The basic philosophy. Learn anatomy! Or at least Anatomical shapes. Knowing a bit about structure and musculature helps to knit a character together. Even if that character is a bunch of tubes and boxes, tying them together in a natural way can reside in that knowledge.
In working out a character, collect your research and if you're working on an exact pose from photo or art: Size It To The Figure You're Going To Sculpt! That is, Print out the size of the sculpture you want to make and print it on cardstock. There is NO more valuable tool than a cut close picture, that you can place directly behind your sculpture as you work on it. If you look at Jenny001.jpg in my gallery, you can see that I've worked out the armature WITHIN the art. This is even more useful if you are trying to duplicate the actual pose in the art. Since I am creating an original pose from the static figure, I use it only in measuring out the length of body and limbs. However I'm also using about 4 more pieces of art that are printed out to the size of the sculpt for reference, and often hold them right behind the sculpt to gauge the measurements.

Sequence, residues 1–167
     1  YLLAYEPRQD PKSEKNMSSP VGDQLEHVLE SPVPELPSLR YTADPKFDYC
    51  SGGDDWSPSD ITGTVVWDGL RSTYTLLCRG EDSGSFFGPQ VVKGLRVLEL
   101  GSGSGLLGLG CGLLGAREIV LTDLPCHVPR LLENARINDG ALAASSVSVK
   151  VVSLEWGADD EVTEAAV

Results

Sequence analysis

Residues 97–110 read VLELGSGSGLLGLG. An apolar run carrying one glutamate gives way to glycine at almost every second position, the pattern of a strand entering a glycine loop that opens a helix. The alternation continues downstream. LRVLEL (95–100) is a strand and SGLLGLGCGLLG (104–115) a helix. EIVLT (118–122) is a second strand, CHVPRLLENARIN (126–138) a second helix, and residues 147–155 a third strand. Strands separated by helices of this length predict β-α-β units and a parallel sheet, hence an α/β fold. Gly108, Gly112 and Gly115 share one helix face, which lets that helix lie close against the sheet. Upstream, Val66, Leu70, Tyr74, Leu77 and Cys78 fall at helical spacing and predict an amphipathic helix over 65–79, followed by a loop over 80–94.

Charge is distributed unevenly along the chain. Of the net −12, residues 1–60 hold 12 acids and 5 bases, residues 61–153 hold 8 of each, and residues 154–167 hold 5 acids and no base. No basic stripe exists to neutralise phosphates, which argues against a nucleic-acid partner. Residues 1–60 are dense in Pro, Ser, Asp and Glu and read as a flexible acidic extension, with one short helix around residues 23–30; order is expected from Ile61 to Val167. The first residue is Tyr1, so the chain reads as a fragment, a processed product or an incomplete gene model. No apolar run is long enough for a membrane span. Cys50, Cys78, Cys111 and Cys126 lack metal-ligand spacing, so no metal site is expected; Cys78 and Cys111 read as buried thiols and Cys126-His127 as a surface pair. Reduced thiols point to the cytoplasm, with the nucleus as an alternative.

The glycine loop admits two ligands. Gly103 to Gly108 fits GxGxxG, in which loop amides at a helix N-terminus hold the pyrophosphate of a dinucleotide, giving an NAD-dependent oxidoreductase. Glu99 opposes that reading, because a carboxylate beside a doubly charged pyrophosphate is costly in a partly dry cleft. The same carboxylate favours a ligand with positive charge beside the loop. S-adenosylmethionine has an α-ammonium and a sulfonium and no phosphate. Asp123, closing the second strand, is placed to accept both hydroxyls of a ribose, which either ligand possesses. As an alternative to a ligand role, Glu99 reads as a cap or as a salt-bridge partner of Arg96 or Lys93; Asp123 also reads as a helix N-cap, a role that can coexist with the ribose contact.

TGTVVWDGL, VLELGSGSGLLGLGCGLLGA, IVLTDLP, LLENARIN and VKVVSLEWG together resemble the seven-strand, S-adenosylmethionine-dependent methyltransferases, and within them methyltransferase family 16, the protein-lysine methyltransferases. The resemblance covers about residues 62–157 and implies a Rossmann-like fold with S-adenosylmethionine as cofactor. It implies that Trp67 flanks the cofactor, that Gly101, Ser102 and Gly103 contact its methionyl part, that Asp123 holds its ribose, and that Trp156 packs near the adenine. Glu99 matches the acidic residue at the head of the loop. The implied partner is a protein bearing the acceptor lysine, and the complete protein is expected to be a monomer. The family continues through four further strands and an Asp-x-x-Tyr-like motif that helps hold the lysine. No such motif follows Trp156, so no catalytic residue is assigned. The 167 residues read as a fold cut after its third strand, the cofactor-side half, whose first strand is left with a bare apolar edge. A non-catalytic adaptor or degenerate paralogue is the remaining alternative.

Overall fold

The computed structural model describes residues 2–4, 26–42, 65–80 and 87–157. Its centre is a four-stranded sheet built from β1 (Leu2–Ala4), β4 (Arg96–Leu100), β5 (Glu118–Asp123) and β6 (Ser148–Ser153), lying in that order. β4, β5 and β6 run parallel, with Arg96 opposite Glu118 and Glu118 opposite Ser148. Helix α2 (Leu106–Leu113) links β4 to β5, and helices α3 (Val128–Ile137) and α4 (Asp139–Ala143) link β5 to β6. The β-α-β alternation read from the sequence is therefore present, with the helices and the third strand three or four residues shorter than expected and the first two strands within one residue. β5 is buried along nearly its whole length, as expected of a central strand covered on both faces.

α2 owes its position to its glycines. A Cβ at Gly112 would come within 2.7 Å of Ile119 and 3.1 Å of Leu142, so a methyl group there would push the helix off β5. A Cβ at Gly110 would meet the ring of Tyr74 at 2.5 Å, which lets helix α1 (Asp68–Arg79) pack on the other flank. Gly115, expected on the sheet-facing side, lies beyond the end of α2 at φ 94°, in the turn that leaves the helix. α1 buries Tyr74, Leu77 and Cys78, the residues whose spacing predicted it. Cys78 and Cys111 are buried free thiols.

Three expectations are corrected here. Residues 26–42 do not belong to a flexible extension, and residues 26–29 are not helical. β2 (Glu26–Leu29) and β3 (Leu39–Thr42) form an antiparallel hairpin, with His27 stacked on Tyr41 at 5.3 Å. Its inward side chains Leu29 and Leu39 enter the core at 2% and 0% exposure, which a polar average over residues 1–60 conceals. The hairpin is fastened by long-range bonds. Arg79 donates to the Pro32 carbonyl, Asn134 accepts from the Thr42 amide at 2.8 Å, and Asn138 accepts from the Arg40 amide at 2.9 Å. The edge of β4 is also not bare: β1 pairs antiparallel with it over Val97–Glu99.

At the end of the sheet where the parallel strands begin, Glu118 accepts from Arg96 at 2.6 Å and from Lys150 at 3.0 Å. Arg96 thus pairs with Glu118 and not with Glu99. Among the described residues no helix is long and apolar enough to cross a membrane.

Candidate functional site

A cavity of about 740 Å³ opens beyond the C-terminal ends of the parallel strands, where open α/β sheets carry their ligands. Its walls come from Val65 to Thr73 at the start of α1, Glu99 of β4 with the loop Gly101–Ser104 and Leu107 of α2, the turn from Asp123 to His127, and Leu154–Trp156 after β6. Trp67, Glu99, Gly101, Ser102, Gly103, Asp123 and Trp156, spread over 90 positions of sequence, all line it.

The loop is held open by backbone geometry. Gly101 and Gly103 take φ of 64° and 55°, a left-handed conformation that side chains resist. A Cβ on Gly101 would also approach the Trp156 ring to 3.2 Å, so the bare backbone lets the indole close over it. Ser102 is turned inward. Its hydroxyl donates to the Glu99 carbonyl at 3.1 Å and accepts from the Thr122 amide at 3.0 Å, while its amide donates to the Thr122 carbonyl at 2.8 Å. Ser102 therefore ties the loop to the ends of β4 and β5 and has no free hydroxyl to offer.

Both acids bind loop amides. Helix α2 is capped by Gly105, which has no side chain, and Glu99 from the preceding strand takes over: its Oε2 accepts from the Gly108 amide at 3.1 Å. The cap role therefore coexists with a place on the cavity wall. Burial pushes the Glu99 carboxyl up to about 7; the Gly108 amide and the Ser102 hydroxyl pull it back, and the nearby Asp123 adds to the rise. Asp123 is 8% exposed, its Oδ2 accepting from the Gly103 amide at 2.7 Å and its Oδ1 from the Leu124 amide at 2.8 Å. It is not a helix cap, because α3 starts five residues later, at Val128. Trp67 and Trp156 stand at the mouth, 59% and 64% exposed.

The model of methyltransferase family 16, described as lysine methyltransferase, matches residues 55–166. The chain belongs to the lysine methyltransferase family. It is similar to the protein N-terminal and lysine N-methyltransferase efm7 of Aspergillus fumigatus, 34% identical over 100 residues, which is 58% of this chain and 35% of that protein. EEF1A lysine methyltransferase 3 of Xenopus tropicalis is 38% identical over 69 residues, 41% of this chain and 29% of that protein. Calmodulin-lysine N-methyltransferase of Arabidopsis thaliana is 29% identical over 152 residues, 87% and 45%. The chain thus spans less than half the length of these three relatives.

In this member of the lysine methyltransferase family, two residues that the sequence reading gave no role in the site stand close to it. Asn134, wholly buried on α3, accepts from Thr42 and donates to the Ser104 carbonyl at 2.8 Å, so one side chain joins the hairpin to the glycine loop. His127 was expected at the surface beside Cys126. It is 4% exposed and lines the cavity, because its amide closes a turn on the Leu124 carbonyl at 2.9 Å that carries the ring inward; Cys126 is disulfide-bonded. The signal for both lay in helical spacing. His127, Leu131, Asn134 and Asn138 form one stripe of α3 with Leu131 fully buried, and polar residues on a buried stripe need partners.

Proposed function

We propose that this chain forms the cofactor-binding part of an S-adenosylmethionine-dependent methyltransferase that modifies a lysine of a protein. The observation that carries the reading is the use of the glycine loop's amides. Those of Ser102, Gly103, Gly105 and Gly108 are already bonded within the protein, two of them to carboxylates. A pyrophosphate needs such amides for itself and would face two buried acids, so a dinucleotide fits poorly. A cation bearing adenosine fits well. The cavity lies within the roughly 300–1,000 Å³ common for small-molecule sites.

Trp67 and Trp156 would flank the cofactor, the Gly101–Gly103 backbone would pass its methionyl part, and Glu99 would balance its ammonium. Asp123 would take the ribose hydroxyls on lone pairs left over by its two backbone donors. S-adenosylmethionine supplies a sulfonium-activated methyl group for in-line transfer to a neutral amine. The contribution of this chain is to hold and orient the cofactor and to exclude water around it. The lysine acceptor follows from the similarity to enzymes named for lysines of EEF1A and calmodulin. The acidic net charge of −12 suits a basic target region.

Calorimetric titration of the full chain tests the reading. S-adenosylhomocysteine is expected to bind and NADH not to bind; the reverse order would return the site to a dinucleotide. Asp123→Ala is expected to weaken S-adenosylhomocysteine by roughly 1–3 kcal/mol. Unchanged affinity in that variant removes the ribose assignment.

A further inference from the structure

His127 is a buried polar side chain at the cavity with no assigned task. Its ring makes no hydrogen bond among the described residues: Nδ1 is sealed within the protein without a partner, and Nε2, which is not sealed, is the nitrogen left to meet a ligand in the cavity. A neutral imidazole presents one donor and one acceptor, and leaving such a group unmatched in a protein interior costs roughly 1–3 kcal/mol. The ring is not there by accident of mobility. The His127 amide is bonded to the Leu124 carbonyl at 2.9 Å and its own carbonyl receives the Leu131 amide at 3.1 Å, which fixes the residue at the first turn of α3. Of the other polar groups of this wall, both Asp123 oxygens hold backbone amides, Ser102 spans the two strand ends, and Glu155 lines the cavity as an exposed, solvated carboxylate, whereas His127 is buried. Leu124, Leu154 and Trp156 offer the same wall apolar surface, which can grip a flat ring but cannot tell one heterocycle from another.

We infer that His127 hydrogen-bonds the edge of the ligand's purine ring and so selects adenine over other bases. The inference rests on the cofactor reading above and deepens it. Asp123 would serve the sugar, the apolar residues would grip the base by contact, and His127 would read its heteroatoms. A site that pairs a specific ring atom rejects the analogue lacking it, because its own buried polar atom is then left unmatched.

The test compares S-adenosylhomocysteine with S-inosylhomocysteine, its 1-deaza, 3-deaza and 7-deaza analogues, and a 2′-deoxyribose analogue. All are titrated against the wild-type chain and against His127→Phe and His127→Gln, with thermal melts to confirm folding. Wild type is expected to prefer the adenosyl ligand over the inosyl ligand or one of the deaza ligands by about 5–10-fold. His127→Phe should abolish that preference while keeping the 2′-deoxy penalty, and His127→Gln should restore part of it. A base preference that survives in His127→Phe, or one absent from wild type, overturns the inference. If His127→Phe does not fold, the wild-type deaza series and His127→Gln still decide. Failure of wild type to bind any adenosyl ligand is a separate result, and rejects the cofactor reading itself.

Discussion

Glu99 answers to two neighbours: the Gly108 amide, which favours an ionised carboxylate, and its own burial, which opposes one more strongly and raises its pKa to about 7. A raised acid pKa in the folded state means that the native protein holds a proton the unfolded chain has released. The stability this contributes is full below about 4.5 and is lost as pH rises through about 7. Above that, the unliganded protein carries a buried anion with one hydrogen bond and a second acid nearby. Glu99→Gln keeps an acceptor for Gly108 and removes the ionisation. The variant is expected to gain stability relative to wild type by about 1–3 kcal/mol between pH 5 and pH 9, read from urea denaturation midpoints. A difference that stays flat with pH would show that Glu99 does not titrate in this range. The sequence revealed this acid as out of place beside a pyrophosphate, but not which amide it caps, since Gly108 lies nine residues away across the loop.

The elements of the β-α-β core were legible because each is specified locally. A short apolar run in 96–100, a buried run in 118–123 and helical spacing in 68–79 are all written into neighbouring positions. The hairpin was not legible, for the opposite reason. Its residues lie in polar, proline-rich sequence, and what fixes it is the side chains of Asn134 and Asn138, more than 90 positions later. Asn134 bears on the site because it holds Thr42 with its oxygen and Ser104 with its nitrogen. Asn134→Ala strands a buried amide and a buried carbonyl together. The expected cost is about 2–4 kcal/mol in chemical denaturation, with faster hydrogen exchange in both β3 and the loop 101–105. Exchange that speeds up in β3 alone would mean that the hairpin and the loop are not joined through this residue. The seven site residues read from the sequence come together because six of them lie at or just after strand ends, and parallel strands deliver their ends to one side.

Work out a basic structure over the armature! Detail comes later. As you go along you will start to rough out detail, but assume that it is a temporary thing. The main goal is to get a natural body structure and pose. Even before clothing the body MAKES the clothing work. In the case of Jenny the robot, who has a metal body, I've worked out several rough details. What you don't see is the number of times I've eradicated that detail to change the body structure again so that the detail looks "right" on it. So structure comes first, pose second, and FINAL detail comes last.
Last, don't be afraid to rework the pose. If it doesn't look right, you have to be willing to go in and wrench a body part into a different position or take a pair of needle nose and move the armature around in the clay so that its not so close to a surface [which often happens at joints]. I had to remove Jenny's arms armature 2 times to reposition them below her neck properly. This cost me more than half a day, but now the body measures out properly and I can get the correct pose. When you try to sculpt around a problem, you always come back TO that problem.
All of the tools I use are in my scraps for those interested and I hope this helps budding sculptors out a bit.